8. 4 out of 5

    David Hill

    If I could rate this book 3.5 stars, I would. The story of Lidiya Litvyak is a difficult one to tell. She was not a public figure; there's really not much documentary evidence of her life. Yenne tells her story by telling the stories of other girls of her age who lived near her in Moscow or the other women pilots. This includes some general history of the Soviet Union between the October Revolution and the war. Some other reviewers here didn't like this technique but I think it worked quite well If I could rate this book 3.5 stars, I would. The story of Lidiya Litvyak is a difficult one to tell. She was not a public figure; there's really not much documentary evidence of her life. Yenne tells her story by telling the stories of other girls of her age who lived near her in Moscow or the other women pilots. This includes some general history of the Soviet Union between the October Revolution and the war. Some other reviewers here didn't like this technique but I think it worked quite well. We can't know what she said or thought because there's very little record of it, but we can deduce what she must have experienced based on events and conditions that were common with other people. The book has an index and bibliography but no source notes. From this, I deduce there was no original research done. But there are many sources referenced in the text that don't appear in the bibliography, so my deduction may be incorrect. Many places in the text Yenne reconciles conflicting accounts - this magazine article says she had x victories in this time period, that article says y. It's clear he's done a fair amount of research and tells a story not often told. Having read the book, I see I could have learned about Litvyak by reading two or three of these other sources, but had I read just one, I wouldn't have gotten as accurate a picture as Yenne compiles.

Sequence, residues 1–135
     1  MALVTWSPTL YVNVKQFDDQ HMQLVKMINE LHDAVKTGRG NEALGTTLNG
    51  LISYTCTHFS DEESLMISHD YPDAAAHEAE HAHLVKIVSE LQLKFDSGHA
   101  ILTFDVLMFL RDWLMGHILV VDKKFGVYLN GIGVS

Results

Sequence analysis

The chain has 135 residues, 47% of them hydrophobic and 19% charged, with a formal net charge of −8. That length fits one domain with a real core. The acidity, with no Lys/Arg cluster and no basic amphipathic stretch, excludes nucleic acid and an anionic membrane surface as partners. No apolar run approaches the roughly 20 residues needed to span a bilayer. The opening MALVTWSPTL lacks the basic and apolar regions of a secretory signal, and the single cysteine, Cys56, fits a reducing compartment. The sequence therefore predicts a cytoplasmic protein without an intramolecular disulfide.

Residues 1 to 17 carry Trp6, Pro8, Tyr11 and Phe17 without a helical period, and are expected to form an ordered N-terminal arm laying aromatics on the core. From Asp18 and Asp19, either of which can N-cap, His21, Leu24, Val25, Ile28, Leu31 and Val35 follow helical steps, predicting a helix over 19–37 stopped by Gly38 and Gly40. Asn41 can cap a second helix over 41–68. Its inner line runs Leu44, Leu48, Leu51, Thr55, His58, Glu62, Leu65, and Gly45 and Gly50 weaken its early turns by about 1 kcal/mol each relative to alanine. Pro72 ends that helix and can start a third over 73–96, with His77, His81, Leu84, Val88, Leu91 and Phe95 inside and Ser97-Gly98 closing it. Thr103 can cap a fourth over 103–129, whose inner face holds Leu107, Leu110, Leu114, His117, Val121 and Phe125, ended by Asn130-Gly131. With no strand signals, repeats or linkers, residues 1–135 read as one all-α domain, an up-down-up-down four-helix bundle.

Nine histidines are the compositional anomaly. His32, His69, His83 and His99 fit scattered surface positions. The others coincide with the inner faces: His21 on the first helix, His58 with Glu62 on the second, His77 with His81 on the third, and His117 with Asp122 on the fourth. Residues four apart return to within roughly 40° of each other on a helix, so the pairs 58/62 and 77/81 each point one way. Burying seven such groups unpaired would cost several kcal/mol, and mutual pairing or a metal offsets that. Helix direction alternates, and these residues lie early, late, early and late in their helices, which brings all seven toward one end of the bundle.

9. 4 out of 5

    Mark Lisac

    Three stars (a generous rating) because there's a fair amount of interesting information here but the book has problems. Nominally it's the story of Lidiya (Lilya) Litvyak, who from late 1942 to mid-1943 became the highest-scoring female fighter ace of all time. Actually, little seems to be known about her aside from a handful of letters, some official records and some recollections from surviving war veterans. Nearly the first half of the book consists of a historical sketch of Stalinist Russia Three stars (a generous rating) because there's a fair amount of interesting information here but the book has problems. Nominally it's the story of Lidiya (Lilya) Litvyak, who from late 1942 to mid-1943 became the highest-scoring female fighter ace of all time. Actually, little seems to be known about her aside from a handful of letters, some official records and some recollections from surviving war veterans. Nearly the first half of the book consists of a historical sketch of Stalinist Russia up to the start of the war. Some of the remainder sketches Soviet aviation history, particularly the role of women, and the course of the great Soviet-German battles from 1941 to 1943. The sections dealing directly with Litvyak are both stirring and poignant. But Yenne strays well beyond his survey of secondary sources and indulges unfounded speculation or imagining presented as fact. His breezy tabloid prose also far too often turns purple, as in: "Lilya exiled all sensitivity and compassion to a Gulag deep inside her being, sentencing it to an internal exile that would last until no more German airplanes prowled the skies above her beloved Rodina." Thought it worth the short time needed to read, though.

  10. 4 out of 5

    Anna